Modern Slavery Act

The spectre of ‘modern slavery’ is real. According to the Global Slavery Index of 2016 (yes, there is such a thing), an estimated 45.8 million people worldwide and 4300 people in Australia are victims of slavery, with migrants at particular risk of exploitation.

In response to this critical situation, the Modern Slavery Act 2018 (NSW) (‘NSW Act’) was passed through NSW Parliament on 21 June 2018, and is yet to commence.

The NSW Act defines ‘modern slavery’ as committing, attempting to commit or inciting a range of offences in the Crimes Act 1900 (Cth), Human Tissue Act 1983 (NSW) and Criminal Code Act 1995 (Cth), including slavery, servitude, forced labour, human trafficking, debt bondage and sexual servitude.

The NSW Act required commercial organisations with an annual turnover of $50 million or more to produce a ‘Modern Slavery Statement’ on the incidence of modern slavery in their supply chains.

Reporting requirements under the NSW Act will apply to ‘commercial organisations’ (companies, partnerships and associations) that:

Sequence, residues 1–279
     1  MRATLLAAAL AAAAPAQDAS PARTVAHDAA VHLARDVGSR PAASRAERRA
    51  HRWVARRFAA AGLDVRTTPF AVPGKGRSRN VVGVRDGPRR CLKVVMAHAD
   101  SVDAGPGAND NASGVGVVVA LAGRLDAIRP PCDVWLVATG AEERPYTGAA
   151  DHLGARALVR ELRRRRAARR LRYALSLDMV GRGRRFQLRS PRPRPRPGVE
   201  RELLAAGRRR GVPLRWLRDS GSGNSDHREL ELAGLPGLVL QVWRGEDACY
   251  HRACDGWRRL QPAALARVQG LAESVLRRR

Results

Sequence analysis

· Have employees in NSW;

· Supply goods and services for profit or gain;

· Have a total turnover in a financial year of not less than $50 million; and

· Are not a NSW government agency

Each financial year, commercial organisations will need to prepare and publish a modern slavery statement containing the steps taken to ensure that their goods and services are not a product of supply chains in which modern slavery is taking place.

A penalty of up to $1.1 million applies for failing to prepare and publish a modern slavery statement, or providing false or misleading information in connection with a modern slavery statement.

The Act provides for the role of an Anti-slavery Commissioner. The Commissioner’s role includes: advocating and promoting action to combat modern slavery; identifying and providing assistance to victims of modern slavery; and monitoring the reporting of concerning risks of modern slavery which may be occurring in supply chains of government agencies and commercial organisations.

The Commissioner will also maintain a public register which records and disclosure concerning the incidence, or possible incidence, of modern slavery in a commercial organisation’s supply chains. The register will also record whether the organisation has taken steps to address those modern slavery concerns.

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